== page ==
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Nancy Brophy's testimony in murder trial ends after prosecution questioning

The prosecution had its chance to question Brophy about her testimony, asking her about her gun purchases and her activities on the morning of Dan Brophy's murder.

PORTLAND, Ore. — Romance novelist Nancy Crampton Brophy took the stand again on Tuesday, undergoing cross-examination by the prosecution in the ongoing trial in which she is accused of shooting and killing her husband.

Crampton Brophy is accused of the murder of her husband, chef Daniel Brophy, at the Oregon Culinary Institute in June, 2018. The prosecution rested its case on April 21 and defense began presenting their case on May 3.

The prosecution claims that Crampton Brophy was motivated by greed and a $1.4 million insurance policy. The Brophys' financial situation, the potential murder weapon and Brophy's whereabouts the morning of the murder were focal points in the prosecution's case.

The defense has called witnesses to testify that the Brophys were a loving couple who cared for each other. They also called witnesses to testify about Brophy's research on firearms for her writing. Other witnesses testified about the Brophys' financial situation.

First taking the stand on Monday to testify in her own defense, Crampton Brophy returned on Tuesday to face pointed questioning from the prosecution — much of which focused on her purchase and research of gun parts in the lead-up to her husband's death.

Crampton Brophy questioned

The prosecution began by poking at a possible inconsistency in Crampton Brophy's story. She testified that on the day of her husband's murder, she went downtown to his workplace at the Oregon Culinary Institute where there was an active crime scene, but had not yet been told that Dan Brophy was dead. She affirmed to the prosecution that though she hadn't been informed of his death, she told Dan's mother Karen that he was dead. Brophy told the prosecution that she'd figured out he was dead from context clues at the scene.

"I had not been told, but I had not heard from him," Crampton Brophy said. "All of his friends avoided looking at me, and the police officers knew who I was before I got there, and one police officer hugged me — this is not good news that I'm going to hear."

Much of the subsequent questioning concerned Crampton Brophy's purchase of a gun and gun parts — a full Glock 17 handgun that she and Dan Brophy purchased together, a "ghost gun" Glock 19 kit that was never fully assembled, and a matching slide and barrel for the Glock 17 that she later bought on eBay.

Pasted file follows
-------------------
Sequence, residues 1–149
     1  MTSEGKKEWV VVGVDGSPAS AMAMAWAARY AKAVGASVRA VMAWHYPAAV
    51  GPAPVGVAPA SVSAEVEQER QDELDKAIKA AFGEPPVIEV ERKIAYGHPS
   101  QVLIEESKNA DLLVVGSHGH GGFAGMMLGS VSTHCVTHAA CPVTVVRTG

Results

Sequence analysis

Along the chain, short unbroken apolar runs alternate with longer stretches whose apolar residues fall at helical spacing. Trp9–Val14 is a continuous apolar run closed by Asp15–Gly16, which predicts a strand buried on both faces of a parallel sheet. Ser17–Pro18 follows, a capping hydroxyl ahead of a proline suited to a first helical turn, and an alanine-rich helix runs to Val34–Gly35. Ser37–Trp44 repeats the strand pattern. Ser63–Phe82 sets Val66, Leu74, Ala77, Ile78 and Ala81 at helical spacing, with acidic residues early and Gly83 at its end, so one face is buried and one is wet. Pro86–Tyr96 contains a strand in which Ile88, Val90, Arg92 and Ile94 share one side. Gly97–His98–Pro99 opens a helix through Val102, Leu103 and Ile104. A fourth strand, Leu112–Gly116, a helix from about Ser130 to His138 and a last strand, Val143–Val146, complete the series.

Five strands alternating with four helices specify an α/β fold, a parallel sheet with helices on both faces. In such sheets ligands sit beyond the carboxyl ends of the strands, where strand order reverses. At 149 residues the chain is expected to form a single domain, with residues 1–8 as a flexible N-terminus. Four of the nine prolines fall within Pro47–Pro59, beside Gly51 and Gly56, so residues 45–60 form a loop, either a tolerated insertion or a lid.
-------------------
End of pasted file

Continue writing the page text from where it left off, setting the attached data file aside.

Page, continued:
Of those gun parts, a Glock 17 slide and barrel remains unaccounted for. The slide and barrel on the Glock that Crampton Brophy surrendered to police had not been fired.

Crampton Brophy testified that she and her husband, while previously being ideologically opposed to guns, bought the first handgun for protection. The other parts she said she bought later as research for a novel she planned to write.

The prosecution pounced on Crampton Brophy's admission Tuesday that she'd disassembled and reassembled the Glock she and and Dan Brophy had purchased together by removing the slide. Crampton Brophy had told detectives during the investigation that she and Dan Brophy quickly had second thoughts about their purchase of the gun and stowed it away after taking it home, but her testimony on Tuesday established that she'd spent time manipulating the gun after the purchase.

Crampton Brophy said several times under Tuesday's cross-examination that she "broke two nails" while taking the gun apart and putting it back together, thought "this isn't any fun," and then determined to put the gun away.

During redirect, when the defense got a chance to question her again, Crampton Brophy said that she bought the extra Glock 17 slide and barrel so that she could completely disassemble it and get more familiar with guns — again, as research for her writing. She claims that this slide disappeared well before Dan Brophy's death after it was stowed somewhere in a closet.

The prosecution then tried to demonstrate that Crampton Brophy, over the course of two days, drove out west to a gun range along Highway 26 to practice with the Glock. Her internet search history showed that she searched online how to load a Glock 9mm the morning of March 26, 2018, before driving out west. Her vague location in this area was established by cell phone location data, and she returned the next day for a longer period of time.